Tag Archives: Italian-Australians

Dead Dog in the Still of the Night – Archimede Fusillo


Dead Dog in the Still of the Night – Archimede Fusillo

Ford St Publishing

May 2014

Paperback 224 pages

ISBN 9781925000344

RRP $18.95



As the son of Italian immigrants growing up in Melbourne, it is no surprise that Archimede Fusillo’s work often features an Italian flavour and with more than a nod to his own adolescence.

About his first book ‘Sparring with Shadows’ Archie wrote “I have tried to show that boys do have emotions, are vulnerable, and that it is acceptable to express their feelings.  There is a constant duality of feeling one way and having to appear another.”

His new book with the eerie title continues this theme and once again focuses on a character struggling to come to terms with many conflicting feelings.  Primo is the youngest son of a family with strong personalities, long held resentments and simmering sibling rivalry. His domineering and womanising father is reduced to an old man suffering dementia and in a nursing home, though still exerting his influence on thefamily.  Primo’s mother is trying to come to terms with her long –suffering of her husband’s many infidelities, his middle brother has become embroiled himself in an ugly separation due to his own indiscretion and also facing the wrath of his mistress and her drug dealing brother, his older brother wants to sell off the old man’s mechanical workshop and take possession of his prized classic Fiat 500 and Primo is dealing with his final year at school and a disintegrating relationship with his girlfriend, Maddie.

The immaculately preserved scarlet Fiat becomes a focal point of the story. “I want to buy a car. A special one. A Bambino. Red. Red for speed. Red for the sex.’ While Primo’s family might think this statement of their father reflects upon his philandering, it becomes apparent that this one thought had sustained him from his peasant childhood until its fulfilment.  For Primo the car represents adulthood and independence as well as being his father’s prized possession. For older brother Santo, it is a classic cash cow – ripe for the picking.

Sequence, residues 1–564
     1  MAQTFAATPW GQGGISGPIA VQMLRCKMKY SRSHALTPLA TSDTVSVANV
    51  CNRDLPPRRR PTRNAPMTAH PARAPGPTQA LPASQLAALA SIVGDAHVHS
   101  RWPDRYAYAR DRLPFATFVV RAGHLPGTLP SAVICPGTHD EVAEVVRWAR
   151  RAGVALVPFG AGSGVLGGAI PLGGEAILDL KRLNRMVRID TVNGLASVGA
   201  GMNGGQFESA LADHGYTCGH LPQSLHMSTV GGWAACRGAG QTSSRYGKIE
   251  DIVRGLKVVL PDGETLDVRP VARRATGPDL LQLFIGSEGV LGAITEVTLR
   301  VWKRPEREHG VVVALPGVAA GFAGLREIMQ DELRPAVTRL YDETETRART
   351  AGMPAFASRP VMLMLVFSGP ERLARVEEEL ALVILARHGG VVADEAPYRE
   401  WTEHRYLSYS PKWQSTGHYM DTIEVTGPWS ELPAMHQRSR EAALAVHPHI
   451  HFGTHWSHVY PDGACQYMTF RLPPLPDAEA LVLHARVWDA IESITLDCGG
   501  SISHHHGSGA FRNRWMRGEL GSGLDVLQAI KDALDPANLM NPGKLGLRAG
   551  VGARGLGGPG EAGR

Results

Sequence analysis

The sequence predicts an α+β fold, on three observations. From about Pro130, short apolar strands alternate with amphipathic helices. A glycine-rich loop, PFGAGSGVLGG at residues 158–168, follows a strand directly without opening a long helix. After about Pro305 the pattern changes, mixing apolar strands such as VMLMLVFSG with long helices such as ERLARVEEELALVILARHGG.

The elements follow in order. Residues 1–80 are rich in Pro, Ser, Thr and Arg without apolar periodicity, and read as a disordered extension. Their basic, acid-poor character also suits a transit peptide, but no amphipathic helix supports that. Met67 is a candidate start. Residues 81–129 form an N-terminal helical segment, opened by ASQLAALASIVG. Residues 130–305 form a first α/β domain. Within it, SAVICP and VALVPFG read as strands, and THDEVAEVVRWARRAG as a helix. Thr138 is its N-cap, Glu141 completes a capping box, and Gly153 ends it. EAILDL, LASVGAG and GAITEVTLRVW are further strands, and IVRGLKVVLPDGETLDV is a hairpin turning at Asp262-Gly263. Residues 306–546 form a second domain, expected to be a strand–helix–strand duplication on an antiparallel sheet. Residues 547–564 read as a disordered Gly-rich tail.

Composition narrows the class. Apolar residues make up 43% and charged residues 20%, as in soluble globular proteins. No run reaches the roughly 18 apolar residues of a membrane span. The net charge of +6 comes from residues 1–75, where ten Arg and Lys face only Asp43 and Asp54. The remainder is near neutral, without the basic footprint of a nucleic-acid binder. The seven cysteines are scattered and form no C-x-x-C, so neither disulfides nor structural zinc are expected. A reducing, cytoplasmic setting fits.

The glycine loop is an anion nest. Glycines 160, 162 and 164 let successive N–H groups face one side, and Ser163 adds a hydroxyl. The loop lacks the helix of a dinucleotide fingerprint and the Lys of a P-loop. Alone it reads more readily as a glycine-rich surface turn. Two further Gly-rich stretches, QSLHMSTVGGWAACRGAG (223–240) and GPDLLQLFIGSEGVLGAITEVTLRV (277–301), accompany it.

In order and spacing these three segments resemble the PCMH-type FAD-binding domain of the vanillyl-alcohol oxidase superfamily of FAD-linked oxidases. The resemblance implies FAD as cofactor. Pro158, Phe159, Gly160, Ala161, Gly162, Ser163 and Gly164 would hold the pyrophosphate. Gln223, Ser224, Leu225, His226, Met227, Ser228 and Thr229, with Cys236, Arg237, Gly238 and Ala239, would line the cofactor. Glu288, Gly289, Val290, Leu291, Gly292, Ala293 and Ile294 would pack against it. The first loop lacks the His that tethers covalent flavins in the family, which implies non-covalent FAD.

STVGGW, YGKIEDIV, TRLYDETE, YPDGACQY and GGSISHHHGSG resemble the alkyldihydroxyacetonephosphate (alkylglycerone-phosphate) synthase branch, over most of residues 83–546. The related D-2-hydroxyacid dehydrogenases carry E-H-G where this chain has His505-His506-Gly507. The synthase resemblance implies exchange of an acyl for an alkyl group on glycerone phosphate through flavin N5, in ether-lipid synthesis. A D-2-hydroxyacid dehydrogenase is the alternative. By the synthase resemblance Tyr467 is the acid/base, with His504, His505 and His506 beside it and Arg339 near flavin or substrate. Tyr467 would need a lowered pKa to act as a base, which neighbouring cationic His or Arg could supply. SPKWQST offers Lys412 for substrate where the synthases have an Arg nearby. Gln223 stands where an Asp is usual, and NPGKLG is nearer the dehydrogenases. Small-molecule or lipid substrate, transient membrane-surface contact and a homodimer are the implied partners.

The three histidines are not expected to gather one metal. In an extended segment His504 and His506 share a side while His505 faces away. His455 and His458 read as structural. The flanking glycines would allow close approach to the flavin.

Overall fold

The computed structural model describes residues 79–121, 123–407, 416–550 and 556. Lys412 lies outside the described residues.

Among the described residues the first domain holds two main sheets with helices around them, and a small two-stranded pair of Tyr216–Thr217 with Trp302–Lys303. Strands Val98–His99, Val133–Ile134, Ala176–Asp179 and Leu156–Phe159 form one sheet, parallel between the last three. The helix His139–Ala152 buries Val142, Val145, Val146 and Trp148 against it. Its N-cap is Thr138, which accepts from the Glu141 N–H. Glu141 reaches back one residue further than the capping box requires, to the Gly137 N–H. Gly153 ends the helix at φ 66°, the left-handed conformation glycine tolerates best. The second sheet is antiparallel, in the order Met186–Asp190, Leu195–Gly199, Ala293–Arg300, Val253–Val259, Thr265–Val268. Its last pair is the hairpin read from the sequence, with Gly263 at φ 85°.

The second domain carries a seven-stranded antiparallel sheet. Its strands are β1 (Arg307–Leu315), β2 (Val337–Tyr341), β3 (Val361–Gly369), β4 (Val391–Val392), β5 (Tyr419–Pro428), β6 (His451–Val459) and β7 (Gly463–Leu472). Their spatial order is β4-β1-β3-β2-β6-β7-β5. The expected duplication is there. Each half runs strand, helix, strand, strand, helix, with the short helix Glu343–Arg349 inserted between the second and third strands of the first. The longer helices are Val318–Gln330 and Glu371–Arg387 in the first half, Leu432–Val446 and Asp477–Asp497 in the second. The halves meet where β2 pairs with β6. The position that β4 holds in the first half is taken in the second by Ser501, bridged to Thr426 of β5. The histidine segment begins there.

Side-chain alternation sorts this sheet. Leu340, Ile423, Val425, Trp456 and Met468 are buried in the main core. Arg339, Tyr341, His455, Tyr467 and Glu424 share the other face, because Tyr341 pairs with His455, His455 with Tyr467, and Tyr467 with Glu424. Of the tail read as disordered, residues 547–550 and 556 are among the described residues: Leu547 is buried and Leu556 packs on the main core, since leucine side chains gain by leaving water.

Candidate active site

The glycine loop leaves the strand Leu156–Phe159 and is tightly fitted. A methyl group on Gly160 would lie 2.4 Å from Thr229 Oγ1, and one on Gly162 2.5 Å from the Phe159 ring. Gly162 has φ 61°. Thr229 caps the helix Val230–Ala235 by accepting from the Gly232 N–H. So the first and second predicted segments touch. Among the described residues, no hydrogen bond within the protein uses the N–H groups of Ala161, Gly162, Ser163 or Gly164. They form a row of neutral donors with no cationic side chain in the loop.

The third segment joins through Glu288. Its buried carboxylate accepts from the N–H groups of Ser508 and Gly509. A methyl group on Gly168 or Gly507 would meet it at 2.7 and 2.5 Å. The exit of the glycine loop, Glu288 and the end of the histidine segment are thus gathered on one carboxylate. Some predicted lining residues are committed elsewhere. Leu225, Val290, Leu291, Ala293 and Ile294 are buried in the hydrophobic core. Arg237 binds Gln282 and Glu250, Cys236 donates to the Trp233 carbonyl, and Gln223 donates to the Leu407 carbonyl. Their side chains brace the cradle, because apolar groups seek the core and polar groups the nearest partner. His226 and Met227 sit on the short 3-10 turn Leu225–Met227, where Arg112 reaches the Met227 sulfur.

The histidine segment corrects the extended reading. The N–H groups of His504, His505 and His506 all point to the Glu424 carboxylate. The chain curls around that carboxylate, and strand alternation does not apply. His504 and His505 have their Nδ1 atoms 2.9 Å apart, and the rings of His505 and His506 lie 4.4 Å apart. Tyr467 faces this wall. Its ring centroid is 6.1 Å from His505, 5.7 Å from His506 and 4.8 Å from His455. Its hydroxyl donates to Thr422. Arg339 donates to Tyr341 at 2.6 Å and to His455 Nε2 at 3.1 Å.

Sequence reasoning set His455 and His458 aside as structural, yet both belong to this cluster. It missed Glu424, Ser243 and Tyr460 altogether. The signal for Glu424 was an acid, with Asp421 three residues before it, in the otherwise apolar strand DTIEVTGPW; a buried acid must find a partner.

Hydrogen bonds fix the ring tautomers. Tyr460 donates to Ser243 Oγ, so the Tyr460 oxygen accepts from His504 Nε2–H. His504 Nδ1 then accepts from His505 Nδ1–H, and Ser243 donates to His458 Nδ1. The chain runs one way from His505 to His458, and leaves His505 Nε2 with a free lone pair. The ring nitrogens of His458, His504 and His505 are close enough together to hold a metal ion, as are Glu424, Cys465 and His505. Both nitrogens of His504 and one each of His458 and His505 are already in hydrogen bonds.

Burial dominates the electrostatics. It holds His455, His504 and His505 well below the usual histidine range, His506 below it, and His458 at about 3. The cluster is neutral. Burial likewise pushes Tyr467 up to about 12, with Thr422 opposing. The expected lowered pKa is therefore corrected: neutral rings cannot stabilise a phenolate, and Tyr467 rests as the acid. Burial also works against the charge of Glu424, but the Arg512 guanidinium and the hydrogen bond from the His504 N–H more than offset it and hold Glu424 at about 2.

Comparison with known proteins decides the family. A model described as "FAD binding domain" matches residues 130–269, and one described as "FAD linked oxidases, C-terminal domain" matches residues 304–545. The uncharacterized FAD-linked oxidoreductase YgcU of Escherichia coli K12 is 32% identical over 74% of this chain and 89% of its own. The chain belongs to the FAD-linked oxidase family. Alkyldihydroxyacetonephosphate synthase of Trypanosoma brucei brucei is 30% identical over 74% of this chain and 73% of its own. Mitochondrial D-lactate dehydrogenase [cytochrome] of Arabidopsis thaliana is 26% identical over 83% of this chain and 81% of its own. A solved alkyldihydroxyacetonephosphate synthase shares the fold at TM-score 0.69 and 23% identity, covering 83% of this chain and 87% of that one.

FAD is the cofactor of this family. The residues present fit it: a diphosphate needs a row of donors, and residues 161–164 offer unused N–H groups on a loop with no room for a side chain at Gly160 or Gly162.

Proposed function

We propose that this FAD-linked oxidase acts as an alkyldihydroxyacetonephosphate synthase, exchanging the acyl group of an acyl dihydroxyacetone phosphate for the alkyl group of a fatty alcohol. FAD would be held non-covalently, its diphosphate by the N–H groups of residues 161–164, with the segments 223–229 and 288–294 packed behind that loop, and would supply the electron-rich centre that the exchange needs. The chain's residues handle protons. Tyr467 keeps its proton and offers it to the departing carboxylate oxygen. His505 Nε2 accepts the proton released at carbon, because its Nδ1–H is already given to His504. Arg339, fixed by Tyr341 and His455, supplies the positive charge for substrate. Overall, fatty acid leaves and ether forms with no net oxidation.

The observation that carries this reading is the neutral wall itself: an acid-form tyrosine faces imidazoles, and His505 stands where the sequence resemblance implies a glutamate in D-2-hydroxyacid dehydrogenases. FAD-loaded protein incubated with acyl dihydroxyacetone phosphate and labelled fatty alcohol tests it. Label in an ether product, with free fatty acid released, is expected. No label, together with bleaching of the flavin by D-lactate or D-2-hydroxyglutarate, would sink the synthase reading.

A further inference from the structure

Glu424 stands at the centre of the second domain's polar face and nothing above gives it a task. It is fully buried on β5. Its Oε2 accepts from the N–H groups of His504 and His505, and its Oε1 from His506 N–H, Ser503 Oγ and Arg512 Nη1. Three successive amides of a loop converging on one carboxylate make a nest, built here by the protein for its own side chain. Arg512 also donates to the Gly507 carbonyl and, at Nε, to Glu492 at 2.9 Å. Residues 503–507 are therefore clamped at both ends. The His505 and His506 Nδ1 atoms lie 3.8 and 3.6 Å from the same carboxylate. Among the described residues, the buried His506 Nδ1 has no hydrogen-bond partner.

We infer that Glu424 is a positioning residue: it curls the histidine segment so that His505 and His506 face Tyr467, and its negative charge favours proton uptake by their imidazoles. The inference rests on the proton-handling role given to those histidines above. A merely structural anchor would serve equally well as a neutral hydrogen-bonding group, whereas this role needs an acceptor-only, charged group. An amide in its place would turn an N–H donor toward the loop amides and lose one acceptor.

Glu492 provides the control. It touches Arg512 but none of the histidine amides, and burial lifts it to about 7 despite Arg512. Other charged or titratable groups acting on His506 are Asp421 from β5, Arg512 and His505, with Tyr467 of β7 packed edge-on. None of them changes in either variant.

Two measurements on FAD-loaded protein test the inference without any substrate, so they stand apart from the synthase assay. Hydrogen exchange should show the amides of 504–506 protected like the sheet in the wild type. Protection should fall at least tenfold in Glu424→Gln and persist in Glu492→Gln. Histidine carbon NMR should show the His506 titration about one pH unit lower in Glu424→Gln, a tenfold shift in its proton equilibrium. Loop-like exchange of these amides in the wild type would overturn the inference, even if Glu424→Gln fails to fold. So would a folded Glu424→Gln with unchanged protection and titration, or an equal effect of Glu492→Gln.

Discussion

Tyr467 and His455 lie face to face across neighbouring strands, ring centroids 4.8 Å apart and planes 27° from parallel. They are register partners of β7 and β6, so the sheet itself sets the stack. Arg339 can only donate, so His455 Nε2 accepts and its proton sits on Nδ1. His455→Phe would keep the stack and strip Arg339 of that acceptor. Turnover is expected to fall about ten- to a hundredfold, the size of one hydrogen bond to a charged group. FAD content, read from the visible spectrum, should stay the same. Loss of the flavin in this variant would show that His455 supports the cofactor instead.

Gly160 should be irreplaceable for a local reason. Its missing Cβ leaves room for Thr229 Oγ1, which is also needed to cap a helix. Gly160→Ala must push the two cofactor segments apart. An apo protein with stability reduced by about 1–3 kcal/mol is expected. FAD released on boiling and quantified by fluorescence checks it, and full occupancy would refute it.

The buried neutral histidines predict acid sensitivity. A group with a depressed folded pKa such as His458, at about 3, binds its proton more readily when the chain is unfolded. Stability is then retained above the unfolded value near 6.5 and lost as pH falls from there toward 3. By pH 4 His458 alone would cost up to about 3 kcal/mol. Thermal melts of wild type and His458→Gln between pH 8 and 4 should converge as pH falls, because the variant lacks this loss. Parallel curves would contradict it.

When Primo ‘borrows’ the car to impress his girlfriend and then prangs it, he is desperate for money to repair it before anyone finds out. Brother Adrian’s peccadillo with his adultery provides an opportunity for Primo to warn off the scorned lover, Crystal, with the promise of payment for services rendered albeit not in the way Adrian had envisaged.

Tangled and intricate, the plot unravels with miscommunications, wrong perceptions, hidden emotions and gritty realistic episodes.

While the media release suggest this book is suitable for readers 10 and up, my own recommendation would be for older boys – perhaps 14 and on. There are numerous references to drugs, sex, violence,  strong language and adult concepts. Heaven sent for some of my own reluctant Year 10 readers.